Tuesday, June 18, 2013

Shotgun Bulb

Last week I went to visit my old high school auto shop. They where mounting an electronically (or handcuff key) locked shotgun mount. For some idiotic reason this mount which was designed for cars was also designed to take 5 volt DC power (cars use 12 volt DC). To reduce the voltage across the solenoid in the mount they had mounted a resistor in series with the mount, however after they did this the solenoid no longer actuated. I thought to check the resistance on the solenoid and found it to be about 4.5 Ohms, the resistor they were using was a 1 kOhm resistor. What this meant was that there was almost no voltage or current across the solenoid. I did some math and determined that what they needed was a 10 Ohm resistor to get 5 Volts across the mount. However 10 Ohm resistors tend to be far more pricey and bulky than regular resistors because they tend to have to deal with far more power than most resistors due to V=IR (so if the resistance gets smaller and the voltage stays constant much more current is drawn), also we didn't have one. What we did have was an old tail light with resistance close enough for our purpose. So now whenever the switch is flipped to open the shotgun mount a light will turn on.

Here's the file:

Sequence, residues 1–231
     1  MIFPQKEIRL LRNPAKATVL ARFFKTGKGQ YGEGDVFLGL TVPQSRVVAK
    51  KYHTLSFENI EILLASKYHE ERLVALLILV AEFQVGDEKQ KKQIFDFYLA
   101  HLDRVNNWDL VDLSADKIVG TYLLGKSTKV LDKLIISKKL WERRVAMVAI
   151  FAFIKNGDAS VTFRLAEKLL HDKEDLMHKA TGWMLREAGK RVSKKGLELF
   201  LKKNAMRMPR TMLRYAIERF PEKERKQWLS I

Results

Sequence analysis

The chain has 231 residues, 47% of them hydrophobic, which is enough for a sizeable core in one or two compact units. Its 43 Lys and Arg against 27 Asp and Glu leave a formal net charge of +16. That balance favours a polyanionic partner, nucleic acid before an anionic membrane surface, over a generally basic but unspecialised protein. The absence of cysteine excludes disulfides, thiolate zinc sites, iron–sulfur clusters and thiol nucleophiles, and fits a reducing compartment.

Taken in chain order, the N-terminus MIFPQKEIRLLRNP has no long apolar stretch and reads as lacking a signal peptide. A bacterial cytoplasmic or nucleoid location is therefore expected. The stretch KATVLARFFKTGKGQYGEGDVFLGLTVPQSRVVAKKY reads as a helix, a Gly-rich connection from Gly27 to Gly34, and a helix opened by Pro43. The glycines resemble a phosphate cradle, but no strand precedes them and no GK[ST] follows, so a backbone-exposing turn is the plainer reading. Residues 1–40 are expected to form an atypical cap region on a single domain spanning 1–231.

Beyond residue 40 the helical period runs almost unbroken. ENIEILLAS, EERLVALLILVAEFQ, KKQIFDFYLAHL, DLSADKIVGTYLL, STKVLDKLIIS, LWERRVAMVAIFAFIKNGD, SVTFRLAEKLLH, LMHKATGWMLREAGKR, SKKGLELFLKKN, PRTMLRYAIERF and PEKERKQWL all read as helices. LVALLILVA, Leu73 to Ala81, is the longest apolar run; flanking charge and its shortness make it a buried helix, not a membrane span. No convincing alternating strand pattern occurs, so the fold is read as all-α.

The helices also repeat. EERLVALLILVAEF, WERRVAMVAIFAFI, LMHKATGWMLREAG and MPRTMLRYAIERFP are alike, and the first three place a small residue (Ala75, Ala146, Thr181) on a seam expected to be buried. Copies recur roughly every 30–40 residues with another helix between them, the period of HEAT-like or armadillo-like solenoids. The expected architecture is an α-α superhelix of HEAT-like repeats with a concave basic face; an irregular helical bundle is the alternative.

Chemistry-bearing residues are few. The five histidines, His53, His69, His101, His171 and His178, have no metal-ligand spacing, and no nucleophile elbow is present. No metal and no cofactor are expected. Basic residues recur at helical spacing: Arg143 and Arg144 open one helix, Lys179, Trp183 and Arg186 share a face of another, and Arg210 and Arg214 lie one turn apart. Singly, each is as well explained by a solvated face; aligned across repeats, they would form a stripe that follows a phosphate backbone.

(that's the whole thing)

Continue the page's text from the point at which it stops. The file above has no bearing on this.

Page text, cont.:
The switch.

 The lightbulb on.

 Shotgun mount closed.

Mount open, it is designed so that you can simply flick the switch and pull the gun out.

If you ever wondered what was in a cops trunk. The red and blue lights flash whenever the trunk is open.


  1. My brother recently purchased a revolver scope and I can't help but admire it. We plan to buy my dad his own scope this year and so far, we're considering price, durability and brand. I've been reading a lot of reviews lately and there are indeed a lot of sites for these. So far, this stand out: http://opticgearlab.com/scopes/best-revolver-scopes.html